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(Ab)Normalities Between Cultures

What if it’s them who just do things wrong?

As discussed before, adapting to a different culture and another social context can make it necessary to forget yourself. Not in the metaphorical sense of forgetting your good manners (I’m assuming you have some), but by loosening what you consider normal, and even what you consider you, in order to act appropriately.

The other side of this issue, however, is what you do when it’s not about the way you act in communication, for example, but about something that you feel goes more deeply, could potentially affect your very life. The things that just are or aren’t done, and not simply because it’s normal for you, but also because it makes sense, (not) to do them.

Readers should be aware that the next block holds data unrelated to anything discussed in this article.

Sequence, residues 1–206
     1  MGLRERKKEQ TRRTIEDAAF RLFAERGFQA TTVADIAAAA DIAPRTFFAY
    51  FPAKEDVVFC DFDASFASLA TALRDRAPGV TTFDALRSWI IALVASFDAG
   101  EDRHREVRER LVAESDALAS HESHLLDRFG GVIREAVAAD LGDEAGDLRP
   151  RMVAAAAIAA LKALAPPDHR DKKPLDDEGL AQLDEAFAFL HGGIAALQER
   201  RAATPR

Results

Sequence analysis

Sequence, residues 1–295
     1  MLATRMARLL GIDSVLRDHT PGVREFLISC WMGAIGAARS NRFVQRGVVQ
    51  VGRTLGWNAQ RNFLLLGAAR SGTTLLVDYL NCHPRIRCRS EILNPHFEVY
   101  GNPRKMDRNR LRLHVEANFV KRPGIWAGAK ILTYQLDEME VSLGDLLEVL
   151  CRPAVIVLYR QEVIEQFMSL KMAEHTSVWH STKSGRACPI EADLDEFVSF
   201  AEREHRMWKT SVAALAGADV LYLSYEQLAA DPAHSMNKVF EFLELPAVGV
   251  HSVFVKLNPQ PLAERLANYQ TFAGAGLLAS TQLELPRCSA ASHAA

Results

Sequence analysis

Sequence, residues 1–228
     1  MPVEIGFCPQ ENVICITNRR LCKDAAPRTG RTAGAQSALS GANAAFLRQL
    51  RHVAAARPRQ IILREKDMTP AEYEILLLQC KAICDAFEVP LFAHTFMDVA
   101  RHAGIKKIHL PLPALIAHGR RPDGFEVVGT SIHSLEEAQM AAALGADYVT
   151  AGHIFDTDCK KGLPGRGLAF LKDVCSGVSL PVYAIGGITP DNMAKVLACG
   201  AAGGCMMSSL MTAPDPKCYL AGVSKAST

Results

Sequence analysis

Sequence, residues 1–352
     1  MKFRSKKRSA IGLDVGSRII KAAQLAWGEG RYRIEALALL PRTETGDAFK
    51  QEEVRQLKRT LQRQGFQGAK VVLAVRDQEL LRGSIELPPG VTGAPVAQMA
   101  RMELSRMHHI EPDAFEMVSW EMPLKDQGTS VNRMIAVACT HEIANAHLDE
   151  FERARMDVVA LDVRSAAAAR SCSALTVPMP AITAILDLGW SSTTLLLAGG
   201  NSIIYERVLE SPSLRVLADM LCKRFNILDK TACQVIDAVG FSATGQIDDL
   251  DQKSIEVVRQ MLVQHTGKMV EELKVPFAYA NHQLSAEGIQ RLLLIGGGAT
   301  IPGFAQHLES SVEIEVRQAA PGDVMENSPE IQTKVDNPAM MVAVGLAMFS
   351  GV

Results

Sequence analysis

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China’s Law of Rules

Since I got to China, the dichotomy between what the country feels ike from the outside and how things are when you are inside has often struck me. Going just by the reports, China would seem to be a single-party autocracy strictly controlled, without freedom, without law. So, get Beijing to recognize (the Western definition of) human rights, follow the rule of law, and all’s well and good.

Saying it like that, of course, is a prelude to taking this idea apart.

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